Ten Nevada anthropology students were recognized as winners for this year’s Public Anthropology Award.
From Professor Erin Stiles’ Introduction to Anthropology class, the students participated in the Center for Public Anthropology’s Fall 2010 Community Action Project. The competition awarded 202 students and involved more than 4,000 students from 21 schools across North America using a special software program to draw students together into an intellectual community.
Students recognized from Stiles’ class include Carissa Mangubat, Amanda Nawrocki, Kelsey Standerfer, Roslyn Timmerman, Clark Hansen, Aaron Schulman, Ian Holmes, Michal Rempala, Alexa Walker and Samantha Wright. The topic was, “Who should be the beneficiaries of anthropological research?”
“Professor Stiles is to be commended for how she takes classroom knowledge and applies it to real-world challenges, thereby encouraging students to be responsible global citizens,” said Rob Borofsky, founder of the project and director of the Center for a Public Anthropology.
The Center for a Public Anthropology is a non-profit organization that encourages scholars and their students to address public problems in public ways. The Public Anthropology’s Community Action Website Project seeks to provide students with key skills-such as objectivity, critical thinking and effective communication-they will need to be successful in their future careers. The Project encourages critical thinking regarding ethical issues in anthropology, a sharing of ideas among students from different universities, and improved writing skills.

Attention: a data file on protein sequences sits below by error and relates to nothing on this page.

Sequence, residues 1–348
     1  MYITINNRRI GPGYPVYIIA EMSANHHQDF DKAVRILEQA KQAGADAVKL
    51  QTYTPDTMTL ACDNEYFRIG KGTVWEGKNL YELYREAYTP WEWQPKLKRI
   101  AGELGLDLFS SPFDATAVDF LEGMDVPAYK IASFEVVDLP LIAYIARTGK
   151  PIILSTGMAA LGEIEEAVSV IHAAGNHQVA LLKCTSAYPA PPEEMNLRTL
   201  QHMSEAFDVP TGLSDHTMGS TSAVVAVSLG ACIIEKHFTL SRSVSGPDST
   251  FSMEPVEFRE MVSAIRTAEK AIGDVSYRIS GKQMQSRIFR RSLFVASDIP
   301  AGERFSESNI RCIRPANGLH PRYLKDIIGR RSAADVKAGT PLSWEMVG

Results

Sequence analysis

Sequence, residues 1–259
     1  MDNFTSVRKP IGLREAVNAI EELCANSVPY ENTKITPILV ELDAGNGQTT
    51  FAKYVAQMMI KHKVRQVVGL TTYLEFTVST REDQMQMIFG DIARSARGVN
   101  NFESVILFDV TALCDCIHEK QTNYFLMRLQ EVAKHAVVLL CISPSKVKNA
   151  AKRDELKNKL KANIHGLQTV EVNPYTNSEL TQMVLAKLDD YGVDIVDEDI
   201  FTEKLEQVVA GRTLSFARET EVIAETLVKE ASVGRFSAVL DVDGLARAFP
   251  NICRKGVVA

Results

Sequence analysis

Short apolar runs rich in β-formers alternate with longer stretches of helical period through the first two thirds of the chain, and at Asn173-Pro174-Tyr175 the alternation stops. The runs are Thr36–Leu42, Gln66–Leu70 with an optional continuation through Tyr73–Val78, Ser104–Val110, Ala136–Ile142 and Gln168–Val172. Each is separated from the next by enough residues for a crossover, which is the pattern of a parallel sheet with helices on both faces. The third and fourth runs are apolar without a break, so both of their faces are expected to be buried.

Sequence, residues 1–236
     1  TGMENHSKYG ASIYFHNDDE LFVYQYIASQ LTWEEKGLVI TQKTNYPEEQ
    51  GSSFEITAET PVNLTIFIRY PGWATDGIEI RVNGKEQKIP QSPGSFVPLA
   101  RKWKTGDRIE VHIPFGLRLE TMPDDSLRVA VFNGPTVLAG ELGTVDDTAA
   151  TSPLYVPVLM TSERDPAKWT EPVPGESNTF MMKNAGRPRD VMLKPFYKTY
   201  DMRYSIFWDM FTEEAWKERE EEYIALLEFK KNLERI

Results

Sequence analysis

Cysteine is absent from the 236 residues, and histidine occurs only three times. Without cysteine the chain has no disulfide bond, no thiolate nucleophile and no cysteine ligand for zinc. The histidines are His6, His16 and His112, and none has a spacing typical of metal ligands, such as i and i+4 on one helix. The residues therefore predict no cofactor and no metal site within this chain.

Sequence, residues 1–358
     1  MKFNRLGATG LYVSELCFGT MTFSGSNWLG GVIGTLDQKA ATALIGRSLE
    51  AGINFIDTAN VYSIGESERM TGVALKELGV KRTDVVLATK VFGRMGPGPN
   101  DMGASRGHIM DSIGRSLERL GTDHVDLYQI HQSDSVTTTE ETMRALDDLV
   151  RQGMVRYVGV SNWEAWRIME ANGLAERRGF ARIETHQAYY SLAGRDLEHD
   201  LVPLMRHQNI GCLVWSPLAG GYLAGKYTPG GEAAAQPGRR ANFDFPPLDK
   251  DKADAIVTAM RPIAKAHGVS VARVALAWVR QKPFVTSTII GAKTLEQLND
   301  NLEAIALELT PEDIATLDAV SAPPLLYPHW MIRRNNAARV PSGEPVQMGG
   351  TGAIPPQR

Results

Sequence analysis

“In actively addressing important ethical concerns within anthropology, Professor Stiles is providing students with the thinking and writing skills needed for active citizenship and a productive life after graduation,” Borofsky said.
Stiles has been conducting research in Zanzibar, Tanzania since 1999.Her research focuses primarily on the way lay people and professionals understand, interpret and use Islamic legal ideas. This year, she published with Palgrave Macmillan, “An Islamic Court in Context: An Ethnographic Study of Judicial Reasoning.”
View the winning students’ answers on Public Anthropology.